Mark Anderson’s Andertoons (April 3) makes its traditional appearance in my roundup, in this case with a business-type guy declaring infinity to be “the loophole of all loopholes!” I think that’s overstating things a fair bit, but strange and very counter-intuitive things do happen when you try to work out a problem in which infinities turn up. For example: in ordinary arithmetic, the order in which you add together a bunch of real numbers makes no difference. If you want to add together infinitely many real numbers, though, it is possible to have them add to different numbers depending on what order you add them in. Most unsettlingly, it’s possible to have infinitely many real numbers add up to literally any real number you like, depending on the order in which you add them. And then things get really weird.

Keith Tutt and Daniel Saunders’s Lard’s World Peace Tips (April 3) is the other strip in this roundup to at least name-drop infinity. I confess I don’t see how “being infinite” would help in bringing about world peace, but I suppose being finite hasn’t managed the trick just yet so we might want to think outside the box.

Continue reading “Reading the Comics, April 6, 2015: Little Infinite Edition”

Reblog: Lawler’s Log


I don’t intend to transform my writings here into a low-key sports mathematics blog. I just happen to have run across a couple of interesting problems and, after all, sports do offer a lot of neat questions about probability and statistics.

benperreira here makes mention of “Lawler’s Law”, something I had not previously noticed. The “Law” is the observation that the first basketball team to make it to 100 points wins the game just about 90 percent of the time. It was apparently first observed by Los Angeles Clippers announcer Ralph Lawler and has been supported by a review of the statistics of NBA teams over the decades.

benperreira is unimpressed with the law, regarding it as just a restatement of the principle that a team that scores more than the league average number of points per game will tend to have a winning record in an unduly wise-sounding phrasing. I’m inclined to agree the Law doesn’t seem to be particularly much, though I was caught by the implication that the team which lets the other get to 100 points first still pulls out a victory one time out of ten.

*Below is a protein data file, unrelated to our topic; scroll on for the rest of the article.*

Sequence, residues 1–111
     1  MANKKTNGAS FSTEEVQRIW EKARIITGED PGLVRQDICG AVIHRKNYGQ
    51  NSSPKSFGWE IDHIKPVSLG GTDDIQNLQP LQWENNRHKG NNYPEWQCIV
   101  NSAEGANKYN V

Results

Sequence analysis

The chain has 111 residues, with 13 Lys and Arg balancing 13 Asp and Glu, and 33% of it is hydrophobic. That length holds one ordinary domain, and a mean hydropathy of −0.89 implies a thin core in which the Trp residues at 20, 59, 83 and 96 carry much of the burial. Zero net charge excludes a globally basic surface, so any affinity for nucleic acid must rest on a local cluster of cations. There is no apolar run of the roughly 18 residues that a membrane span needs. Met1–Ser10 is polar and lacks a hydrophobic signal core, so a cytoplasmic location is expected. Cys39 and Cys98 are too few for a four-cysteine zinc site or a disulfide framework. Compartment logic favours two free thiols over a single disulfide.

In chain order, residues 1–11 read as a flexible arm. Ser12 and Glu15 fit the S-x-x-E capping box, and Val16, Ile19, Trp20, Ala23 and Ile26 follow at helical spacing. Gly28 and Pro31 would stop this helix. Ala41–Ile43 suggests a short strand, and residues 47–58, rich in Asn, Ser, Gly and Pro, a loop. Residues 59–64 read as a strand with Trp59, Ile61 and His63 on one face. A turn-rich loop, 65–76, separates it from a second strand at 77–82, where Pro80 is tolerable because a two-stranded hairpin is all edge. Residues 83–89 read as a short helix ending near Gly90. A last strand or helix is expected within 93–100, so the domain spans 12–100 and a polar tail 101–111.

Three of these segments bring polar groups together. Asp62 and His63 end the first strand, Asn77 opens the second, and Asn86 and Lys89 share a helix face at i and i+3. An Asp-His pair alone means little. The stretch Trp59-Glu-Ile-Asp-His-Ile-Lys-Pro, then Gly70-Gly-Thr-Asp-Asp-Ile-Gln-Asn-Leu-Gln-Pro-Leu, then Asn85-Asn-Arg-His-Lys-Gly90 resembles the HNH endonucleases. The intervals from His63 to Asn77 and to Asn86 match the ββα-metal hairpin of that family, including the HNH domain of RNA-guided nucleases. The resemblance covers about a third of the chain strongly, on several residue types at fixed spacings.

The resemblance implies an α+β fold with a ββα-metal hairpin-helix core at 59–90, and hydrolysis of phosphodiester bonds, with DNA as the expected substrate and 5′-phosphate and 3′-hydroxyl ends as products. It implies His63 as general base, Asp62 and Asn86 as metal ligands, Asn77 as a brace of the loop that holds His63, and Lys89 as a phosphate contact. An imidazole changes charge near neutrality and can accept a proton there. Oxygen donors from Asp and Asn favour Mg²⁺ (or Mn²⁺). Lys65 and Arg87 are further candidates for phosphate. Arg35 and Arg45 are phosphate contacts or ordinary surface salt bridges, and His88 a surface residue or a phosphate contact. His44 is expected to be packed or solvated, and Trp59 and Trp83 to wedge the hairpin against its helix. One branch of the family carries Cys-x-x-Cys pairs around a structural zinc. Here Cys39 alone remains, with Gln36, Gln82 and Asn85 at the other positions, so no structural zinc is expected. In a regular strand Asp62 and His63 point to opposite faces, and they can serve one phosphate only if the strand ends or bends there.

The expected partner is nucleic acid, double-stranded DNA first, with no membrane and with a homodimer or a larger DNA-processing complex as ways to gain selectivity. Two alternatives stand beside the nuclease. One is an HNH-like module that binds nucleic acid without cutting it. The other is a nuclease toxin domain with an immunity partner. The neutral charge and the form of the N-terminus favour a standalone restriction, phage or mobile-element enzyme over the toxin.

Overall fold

To underscore his point benperreira includes a diagram purporting to show the likelihood of victory to points scored, although it’s pretty obviously meant to be a quick joke extrapolating from the data that both teams start with a 50 percent chance of victory and zero points, and apparently 100 points gives a nearly 90 percent chance of victory. I am curious about a more precise chart — showing how often the first team to make 10, or 25, or 50, or so points goes on to victory, but I certainly haven’t got time to compile that data.

Well, perhaps I do, but my reading in baseball history and brushes up against people with SABR connections makes it very clear I have every possible risk factor for getting lost in the world of sports statistics so I want to stay far from the meat of actual games.

Still, there are good probability questions to be asked about things like how big a lead is effectively unbeatable, and I’ll leave this post and reblog as a way to nag myself in the future to maybe thinking about it later.

Ben Perreira

Lawler’s Law states that the NBA team that reaches 100 points first will win the game. It is based on Lawler’s observations and confirmed by looking back at NBA statistics that show it is true over 90% of the time.

Its brilliance lies in its uselessness. Like NyQuil helps us sleep but does little to help our immune systems make us well, Lawler’s Law soothes us by making us think it means something more than it does.

Why is it so useless, one may venture to ask?

Lawler2

This is a graphical representation of Lawler’s Law. Point A represents the beginning of a game. This team (which ultimately wins this game) has roughly a 50% chance of winning at that point. As the game goes on, and more points are scored, the team depicted here increases its chance of victory based on the number of points it has scored. Point B…